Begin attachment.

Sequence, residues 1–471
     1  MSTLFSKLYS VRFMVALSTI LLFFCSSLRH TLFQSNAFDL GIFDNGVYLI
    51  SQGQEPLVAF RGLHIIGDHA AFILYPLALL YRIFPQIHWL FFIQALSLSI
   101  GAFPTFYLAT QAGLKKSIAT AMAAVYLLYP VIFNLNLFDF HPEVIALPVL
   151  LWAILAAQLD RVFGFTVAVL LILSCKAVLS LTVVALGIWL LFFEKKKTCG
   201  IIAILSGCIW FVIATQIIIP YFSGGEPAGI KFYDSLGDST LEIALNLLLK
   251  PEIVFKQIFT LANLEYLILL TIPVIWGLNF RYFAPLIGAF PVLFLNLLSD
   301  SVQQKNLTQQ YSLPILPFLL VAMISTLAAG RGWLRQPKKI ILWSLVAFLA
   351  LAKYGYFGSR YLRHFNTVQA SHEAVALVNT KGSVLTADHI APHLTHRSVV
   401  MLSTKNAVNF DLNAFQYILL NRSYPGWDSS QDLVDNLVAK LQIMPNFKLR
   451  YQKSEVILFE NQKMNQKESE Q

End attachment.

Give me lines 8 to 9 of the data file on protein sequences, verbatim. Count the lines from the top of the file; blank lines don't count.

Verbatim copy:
   301  SVQQKNLTQQ YSLPILPFLL VAMISTLAAG RGWLRQPKKI ILWSLVAFLA
   351  LAKYGYFGSR YLRHFNTVQA SHEAVALVNT KGSVLTADHI APHLTHRSVV